Like already said, the gateway antenna is very important, and I think in particular the placement of the antenna. Higher is usually better! The antenna should point UP.
The antenna should also be matched for the frequency it’s used on.
So verify this. An antenna designed for 434 MHz will work poorly on 868 MHz probably.
The same goes for the node antenna, check that the antenna is meant to be used for the LoRaWAN frequency. Perhaps stating the obvious, you can’t just use any old WiFi antenna on the node, might look the same but doesn’t work the same.
You should definitely be able to get more than 45 meters range.
Every now and then there are reports of people receiving packets with incredible range, in the order of hundreds of kilometers. This is usually the absolute farthest reception for some kind of record attempt and should not be used as a serious indicator of practical range.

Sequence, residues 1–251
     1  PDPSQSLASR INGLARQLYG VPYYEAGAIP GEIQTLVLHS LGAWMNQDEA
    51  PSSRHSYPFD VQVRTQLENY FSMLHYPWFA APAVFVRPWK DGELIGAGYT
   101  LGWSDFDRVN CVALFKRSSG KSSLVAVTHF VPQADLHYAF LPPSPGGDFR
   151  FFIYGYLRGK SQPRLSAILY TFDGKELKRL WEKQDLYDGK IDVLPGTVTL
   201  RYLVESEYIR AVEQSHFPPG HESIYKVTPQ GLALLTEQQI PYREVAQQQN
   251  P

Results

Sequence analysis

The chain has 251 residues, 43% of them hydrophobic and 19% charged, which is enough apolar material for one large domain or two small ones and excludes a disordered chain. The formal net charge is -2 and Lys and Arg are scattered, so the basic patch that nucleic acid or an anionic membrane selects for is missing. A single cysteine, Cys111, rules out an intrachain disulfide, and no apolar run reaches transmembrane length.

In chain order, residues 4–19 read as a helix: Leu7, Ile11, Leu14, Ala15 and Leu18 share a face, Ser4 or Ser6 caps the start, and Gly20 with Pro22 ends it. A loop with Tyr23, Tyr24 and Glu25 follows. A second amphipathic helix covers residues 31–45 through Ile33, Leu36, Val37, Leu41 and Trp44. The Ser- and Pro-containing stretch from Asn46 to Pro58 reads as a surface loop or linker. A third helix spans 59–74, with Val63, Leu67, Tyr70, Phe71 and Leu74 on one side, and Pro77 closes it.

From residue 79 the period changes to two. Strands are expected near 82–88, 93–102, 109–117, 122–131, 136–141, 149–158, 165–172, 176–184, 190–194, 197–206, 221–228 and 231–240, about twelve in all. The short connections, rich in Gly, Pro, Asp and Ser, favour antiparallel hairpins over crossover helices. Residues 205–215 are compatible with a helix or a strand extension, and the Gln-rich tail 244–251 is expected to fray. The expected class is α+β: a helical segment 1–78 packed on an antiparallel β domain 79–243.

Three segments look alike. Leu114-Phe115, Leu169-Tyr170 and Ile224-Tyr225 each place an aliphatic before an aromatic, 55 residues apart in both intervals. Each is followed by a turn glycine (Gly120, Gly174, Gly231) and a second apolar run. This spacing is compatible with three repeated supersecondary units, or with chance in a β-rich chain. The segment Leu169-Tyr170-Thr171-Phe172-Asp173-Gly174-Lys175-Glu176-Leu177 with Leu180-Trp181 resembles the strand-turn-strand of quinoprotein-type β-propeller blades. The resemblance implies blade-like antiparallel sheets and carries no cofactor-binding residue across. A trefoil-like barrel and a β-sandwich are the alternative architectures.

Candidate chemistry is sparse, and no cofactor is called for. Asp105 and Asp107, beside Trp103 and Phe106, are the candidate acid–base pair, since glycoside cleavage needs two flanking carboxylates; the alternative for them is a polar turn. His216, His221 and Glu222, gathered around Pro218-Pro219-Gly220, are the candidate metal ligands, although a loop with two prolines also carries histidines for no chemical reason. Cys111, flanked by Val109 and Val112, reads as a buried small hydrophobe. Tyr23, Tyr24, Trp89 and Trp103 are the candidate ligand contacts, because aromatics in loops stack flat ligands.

I find it a bit hard to say what the practical range is, but perhaps up to a couple of km.
I don’t know how exactly you are detecting the signal. The LoRa modulation is relatively wideband (125 kHz) and low power (milliwatts), so on an SDR it might not be so easy to see.
The TTN console shows the energy that the node is received at, as received signal strength (RSSI) and signal-to-noise ratio (SNR). If I recall correctly, the practical limit I’ve seen is around -120 dBm for RSSI and -10 dB for SNR. Lower than that means reception becomes unlikely.